The UK gambling market is changing, and as demographics age and new generations reach the legal gambling age, preferences, attitudes and behaviours towards gambling are changing too.
Players aged 18–24 now account for up to 10% of the gambling market in the UK with players in this age group markedly different from older cohorts.
One of the starkest differences is the disproportionately high 28% of this demographic betting £500 or more each month. Clearly, they’re less risk-averse than many of us.
However, splashing the cash at online casinos doesn’t seem to fit with the broader Generation Z ethos, making them a fascinating cross-section of UK society – at least from a marketing point of view, anyway.
The youth of today
The days of binge drinking, drug-taking, fast food diets and late-night partying have been largely replaced by going to the gym, healthy eating and concern about environmentalism and social justice.
This isn't just cheap stereotyping either. Alcohol consumption has consistently been falling amongst 16-24 year olds. 78% of teenagers in the US exercise at least once a week, and 24% of Gen Zedders say they wear a sleep tracker to monitor their rest patterns.
With this 'small c conservative', ethical (and even moral) outlook, how will this demographic impact the gambling industry as they age and mature?
Gambling motivations and preferences
A 2023 YouGov report into the attitudes and opinions of younger gamblers reveals some interesting statistics and contradictions. Gambling for fun or excitement is less of a motivation for this age group compared to older gamblers, with 34% saying fun or excitement is their core motivation vs 42% for older groups. Within the 16-24 year olds group, 12% said they were motivated by competing against others, vs 3% of older gamblers.
Games allowing players to take large risks were a motivation for 6% vs 3%, while a motivation to use particular strategies and methods came out at 12% vs 8%. The motivations of younger gamblers may be comparatively less concentrated than for older generations, but they are markedly different.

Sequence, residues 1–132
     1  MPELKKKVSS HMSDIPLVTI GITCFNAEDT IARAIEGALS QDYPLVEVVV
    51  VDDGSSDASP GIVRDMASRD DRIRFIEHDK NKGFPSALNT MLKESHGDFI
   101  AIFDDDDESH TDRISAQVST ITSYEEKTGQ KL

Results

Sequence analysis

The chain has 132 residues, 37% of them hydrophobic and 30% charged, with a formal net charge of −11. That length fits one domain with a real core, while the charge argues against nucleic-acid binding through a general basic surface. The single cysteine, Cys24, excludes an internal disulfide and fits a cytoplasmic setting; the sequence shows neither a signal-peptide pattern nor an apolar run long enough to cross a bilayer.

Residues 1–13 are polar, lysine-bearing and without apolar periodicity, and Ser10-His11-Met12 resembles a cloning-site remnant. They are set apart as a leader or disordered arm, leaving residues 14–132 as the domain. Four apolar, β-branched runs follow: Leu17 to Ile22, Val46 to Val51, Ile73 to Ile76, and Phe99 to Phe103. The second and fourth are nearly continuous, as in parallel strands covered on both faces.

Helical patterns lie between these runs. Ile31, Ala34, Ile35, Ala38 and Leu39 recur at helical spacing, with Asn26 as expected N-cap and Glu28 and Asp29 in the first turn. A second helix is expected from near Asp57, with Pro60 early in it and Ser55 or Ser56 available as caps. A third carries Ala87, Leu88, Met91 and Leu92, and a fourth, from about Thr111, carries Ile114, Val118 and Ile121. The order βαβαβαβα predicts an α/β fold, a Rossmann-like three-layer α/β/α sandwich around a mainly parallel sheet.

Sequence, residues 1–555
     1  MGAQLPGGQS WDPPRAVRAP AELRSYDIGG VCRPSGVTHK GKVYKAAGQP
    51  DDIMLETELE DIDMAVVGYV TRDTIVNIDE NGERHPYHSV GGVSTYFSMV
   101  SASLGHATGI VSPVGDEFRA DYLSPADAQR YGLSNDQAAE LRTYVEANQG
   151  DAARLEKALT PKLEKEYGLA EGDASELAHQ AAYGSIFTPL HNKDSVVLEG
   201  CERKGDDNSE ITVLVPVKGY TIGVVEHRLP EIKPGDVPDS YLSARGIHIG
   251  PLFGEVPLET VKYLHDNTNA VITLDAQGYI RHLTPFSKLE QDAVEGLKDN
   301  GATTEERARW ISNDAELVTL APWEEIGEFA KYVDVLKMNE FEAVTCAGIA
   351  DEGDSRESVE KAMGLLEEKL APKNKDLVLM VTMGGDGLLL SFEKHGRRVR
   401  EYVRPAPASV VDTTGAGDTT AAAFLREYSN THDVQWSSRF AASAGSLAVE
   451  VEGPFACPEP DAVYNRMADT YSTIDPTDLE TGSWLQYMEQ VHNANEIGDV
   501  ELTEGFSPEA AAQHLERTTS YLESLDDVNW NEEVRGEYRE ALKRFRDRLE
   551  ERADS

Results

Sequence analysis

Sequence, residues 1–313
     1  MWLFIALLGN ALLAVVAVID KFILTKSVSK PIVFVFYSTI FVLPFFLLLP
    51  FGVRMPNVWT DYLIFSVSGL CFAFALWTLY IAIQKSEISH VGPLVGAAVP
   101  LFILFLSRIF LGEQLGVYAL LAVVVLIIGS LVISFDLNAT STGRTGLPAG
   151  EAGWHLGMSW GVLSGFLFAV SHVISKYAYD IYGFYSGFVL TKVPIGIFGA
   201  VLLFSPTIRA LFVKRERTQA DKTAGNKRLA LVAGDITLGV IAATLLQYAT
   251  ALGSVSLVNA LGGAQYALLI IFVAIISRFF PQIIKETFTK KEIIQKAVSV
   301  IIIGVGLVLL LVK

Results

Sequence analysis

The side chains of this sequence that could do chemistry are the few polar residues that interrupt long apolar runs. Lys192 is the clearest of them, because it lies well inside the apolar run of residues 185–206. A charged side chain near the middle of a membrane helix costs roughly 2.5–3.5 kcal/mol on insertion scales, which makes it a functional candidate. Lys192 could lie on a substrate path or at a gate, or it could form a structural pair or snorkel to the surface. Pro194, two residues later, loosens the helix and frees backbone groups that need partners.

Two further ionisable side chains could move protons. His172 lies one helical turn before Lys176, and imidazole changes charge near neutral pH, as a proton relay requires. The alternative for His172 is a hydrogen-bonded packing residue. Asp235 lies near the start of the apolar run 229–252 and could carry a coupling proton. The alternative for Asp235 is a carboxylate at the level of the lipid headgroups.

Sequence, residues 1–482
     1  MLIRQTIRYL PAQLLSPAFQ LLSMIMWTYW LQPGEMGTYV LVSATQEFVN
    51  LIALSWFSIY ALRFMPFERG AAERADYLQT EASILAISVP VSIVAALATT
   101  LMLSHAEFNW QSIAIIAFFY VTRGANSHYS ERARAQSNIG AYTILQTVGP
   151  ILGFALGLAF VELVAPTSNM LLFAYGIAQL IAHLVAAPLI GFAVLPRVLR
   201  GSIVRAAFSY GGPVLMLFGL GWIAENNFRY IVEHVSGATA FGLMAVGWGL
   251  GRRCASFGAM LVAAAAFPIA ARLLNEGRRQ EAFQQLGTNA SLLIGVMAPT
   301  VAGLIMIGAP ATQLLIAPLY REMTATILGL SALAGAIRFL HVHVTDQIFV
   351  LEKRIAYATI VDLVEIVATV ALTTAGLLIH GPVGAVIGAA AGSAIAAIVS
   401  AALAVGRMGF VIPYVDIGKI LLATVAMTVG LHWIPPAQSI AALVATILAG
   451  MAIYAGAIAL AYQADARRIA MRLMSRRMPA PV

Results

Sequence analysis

It's not just younger people's motivations, their style of gambling is different too. Just 36% said they had bet on sports online in the past month, versus 47% of older gamblers, while younger gamblers were half as likely to buy a lottery ticket (19%) as older cohorts (40%).
Perhaps most strikingly, despite a predilection for heavier spending, more than twice as many younger gamblers feel gambling should be illegal (21% vs 10%). They are also more likely to say they see too much gambling advertising compared to older counterparts (59% to 48%).
Making sense of the market
Examining the data paints an intriguing picture of gamblers in the 18–24 range. They're more likely to spend more on gambling, but less likely to bet on sports or the lottery than older generations. And they are motivated by the thrill of competition and applying betting systems, but disapproving of the volume of gambling advertising they see.
In some respects, the idea of Generation Z as an arbiter of morals when it comes to gambling is reflected in these numbers, yet at its core, and contradictorily, this group accounts for a disproportionate share of the heaviest spenders.
Interestingly, this generation of gamblers looks more to odds comparisons – conscious of getting the best deal, yet less approving of the advertising that shares this info with them.
This poses a significant challenge for marketers. Rather than a ‘broad brush’ approach, they’ll have to personalise targeted marketing at this demographic, with social media, in particular, the optimum battleground for brands vying for attention. However, with regulations preventing operators from targeting this age group for fear of reaching underage audiences, speaking effectively to this group will prove increasingly challenging.
Gambling brands rely on new players to survive, and high-spending demographics like younger gamblers are particularly important. Their attitudes and behaviours are notably different from their older counterparts, and so require specific attention from casino brands. Marketers have their work cut out moving forward as the gambling landscape continues to evolve and lawmakers keep them on an increasingly shorter leash.